Today is the day that Kemba Walker lands his first job after college. Where he'll end up is anyone's guess, and not even Walker seems to know (and if he does, he's not saying so publicly).
Walker worked out for five teams in recent weeks -- Charlotte, Detroit, Sacramento, Toronto and Utah (where he went up against the other best college player in the country last season, Jimmer Fredette), and when he spoke to the media Wednesday he was predictably "excited, nervous, ready" for the NBA Draft.
There has been some concern among analysts, bloggers and the mock draft set that Walker isn't a true point guard. He's a scorer stuck inside a point guard's body. Jim Calhoun spoke to that last week, saying that in his new role -- whatever it is -- Walker will have to make good decisions and understand that his job is to get the ball to the guys making "30 million a year."
Walker insisted yesterday that "I'm a true point guard. That's what I am." Although it sounds like Walker has heard the skeptics. "Before, people wondered if I could score," he said. "Now people wonder if I can pass. So it's like, What do you want?"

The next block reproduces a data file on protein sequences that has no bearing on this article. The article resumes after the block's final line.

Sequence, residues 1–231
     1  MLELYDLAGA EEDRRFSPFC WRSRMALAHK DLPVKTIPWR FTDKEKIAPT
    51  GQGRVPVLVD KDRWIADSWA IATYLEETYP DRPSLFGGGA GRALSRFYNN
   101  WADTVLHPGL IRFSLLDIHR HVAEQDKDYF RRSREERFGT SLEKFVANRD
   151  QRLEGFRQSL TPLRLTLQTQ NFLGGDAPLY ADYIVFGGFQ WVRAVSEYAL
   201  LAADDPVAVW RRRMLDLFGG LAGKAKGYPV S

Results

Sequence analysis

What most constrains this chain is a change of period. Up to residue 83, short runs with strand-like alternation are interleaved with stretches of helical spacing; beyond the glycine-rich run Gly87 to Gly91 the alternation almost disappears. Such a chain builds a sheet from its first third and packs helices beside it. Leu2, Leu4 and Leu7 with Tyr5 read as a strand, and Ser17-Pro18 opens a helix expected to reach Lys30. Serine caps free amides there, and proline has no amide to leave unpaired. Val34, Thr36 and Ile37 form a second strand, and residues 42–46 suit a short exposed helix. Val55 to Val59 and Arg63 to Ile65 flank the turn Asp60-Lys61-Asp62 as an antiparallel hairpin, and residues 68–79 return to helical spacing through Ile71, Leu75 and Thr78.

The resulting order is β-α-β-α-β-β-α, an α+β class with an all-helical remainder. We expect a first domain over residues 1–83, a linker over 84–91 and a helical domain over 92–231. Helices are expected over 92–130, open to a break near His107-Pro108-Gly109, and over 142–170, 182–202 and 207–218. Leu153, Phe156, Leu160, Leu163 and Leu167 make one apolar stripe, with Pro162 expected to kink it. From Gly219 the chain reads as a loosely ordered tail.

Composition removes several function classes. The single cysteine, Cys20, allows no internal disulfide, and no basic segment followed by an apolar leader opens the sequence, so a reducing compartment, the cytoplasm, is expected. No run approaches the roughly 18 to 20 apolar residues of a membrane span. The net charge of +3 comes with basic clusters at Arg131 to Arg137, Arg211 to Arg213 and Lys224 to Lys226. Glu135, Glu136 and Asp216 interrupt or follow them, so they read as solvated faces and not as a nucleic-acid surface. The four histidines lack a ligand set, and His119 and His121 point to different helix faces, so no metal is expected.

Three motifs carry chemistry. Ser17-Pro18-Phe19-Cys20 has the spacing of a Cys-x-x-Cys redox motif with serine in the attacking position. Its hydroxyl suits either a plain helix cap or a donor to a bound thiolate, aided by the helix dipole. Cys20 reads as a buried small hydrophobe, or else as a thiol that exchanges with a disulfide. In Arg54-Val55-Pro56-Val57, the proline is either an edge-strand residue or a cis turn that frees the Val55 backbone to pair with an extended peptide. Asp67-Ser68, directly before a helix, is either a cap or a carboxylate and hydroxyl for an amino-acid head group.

NBA teams seem to understand this. Walker's generally considered the second-best point guard in the draft after Duke's Kyrie Irving. As for what Kemba will bring to a team other than a ton of on-court ability: "Leadership, great character, a winning attitude … That's what I bring."
Which is pretty much how ESPN's Justin Verrier summed it up.
"He’s a leader. He’s tough. He’s got heart. He has the hoops version of je ne sais quoi: a certain something. And despite all the basketball skills stacked up on his draft résumé, you keep coming back to the same phrase when trying to answer why, exactly, he has been such a success: He's just a winner."
Verrier qualifies: "But some of the biggest doubts surrounding Walker’s ability to succeed at the next level stem from those same qualities." Then he quotes ESPN's Chad Ford, who made this obvious but on-point observation after the Huskies national title win: “Walker proved once again that he's a winner.”
And, ultimately, it comes down to that.